Doreen L. Link, APN
Doreen received her Bachelor of Science in Nursing from North Park College in Chicago, IL and her Masters of Science in Oncology Nursing from Northern Illinois University in DeKalb, IL. She also has her Adult Nurse Practitioner Degree from North Park University in Chicago, IL.
When did you join Illinois CancerCare?
She is married with two children - a daughter who is a freshman in college and a son in sixth grade.
Hobbies / Interests:
I enjoy music, hiking, and spending time with family and friends.
What medical change has impacted the field of cancer the most since you began practicing medicine?
The development of anti-nausea medication has changed how we give chemotherapy and how patients tolerate it. Thirty years ago most of the chemotherapy was given in the hospital because patients were so sick during the actual treatment. We gave much of the chemotherapy late in the evening hoping that patients could sleep through their nausea with a sleeping pill and an intramuscular injection of an anti-nausea medication. They didn’t. They became quite ill, sometimes choosing to stop treatment all together because they couldn’t tolerate the nausea and vomiting. With the discovery of Lorazepam and Ondansetron much of the chemotherapy could be given outpatient and patients’ tolerance of treatments improved greatly.
Why did you choose Illinois to practice when you could have gone anywhere in the country?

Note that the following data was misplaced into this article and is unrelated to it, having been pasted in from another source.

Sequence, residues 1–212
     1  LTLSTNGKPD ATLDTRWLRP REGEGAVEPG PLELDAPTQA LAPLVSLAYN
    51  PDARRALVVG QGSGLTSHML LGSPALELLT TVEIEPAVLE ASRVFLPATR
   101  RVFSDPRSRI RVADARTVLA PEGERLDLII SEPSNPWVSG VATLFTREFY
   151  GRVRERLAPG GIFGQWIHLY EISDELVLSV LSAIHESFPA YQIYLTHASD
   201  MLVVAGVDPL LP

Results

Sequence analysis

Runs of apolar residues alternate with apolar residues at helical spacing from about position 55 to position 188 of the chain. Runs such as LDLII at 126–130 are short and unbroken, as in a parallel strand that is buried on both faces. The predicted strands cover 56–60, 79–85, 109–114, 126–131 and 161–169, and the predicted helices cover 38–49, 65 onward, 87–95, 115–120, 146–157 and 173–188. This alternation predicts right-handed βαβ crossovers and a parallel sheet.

I chose to work for Illinois CancerCare because I was impressed with the dedication of the practice to participate in the latest cancer research Trials. All advancements in oncology have been because of research. It was important for me to work for someone that actively pursued advancing the treatment of cancer patients. I also noticed how everyone associated with the practice was dedicated to helping take care of each cancer patient as an individual. I value that type of commitment to patient care and wanted to be an integral part of such a quality, patient-centered organization.
Do you have any advice to give patients after they have been diagnosed with cancer?
Think positively and expect to do well with your treatment, knowing that some adjustment of anti-nausea or other support medication may be necessary. Also, work with your cancer care provider team to help you through this challenging time in your life. All of us at Illinois CancerCare have chosen to work in oncology. We are here because we want to be---we want to be of assistance to you and your family.